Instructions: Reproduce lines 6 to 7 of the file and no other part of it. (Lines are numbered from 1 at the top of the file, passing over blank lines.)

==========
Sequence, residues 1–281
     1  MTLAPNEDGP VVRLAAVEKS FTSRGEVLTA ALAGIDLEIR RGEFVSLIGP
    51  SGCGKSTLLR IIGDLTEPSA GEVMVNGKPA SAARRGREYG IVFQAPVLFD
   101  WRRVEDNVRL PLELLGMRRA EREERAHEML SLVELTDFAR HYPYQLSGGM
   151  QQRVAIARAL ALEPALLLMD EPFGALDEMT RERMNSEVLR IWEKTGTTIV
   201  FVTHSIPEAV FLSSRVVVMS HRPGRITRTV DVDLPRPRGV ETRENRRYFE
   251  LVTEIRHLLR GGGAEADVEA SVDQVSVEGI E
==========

   201  FVTHSIPEAV FLSSRVVVMS HRPGRITRTV DVDLPRPRGV ETRENRRYFE
   251  LVTEIRHLLR GGGAEADVEA SVDQVSVEGI E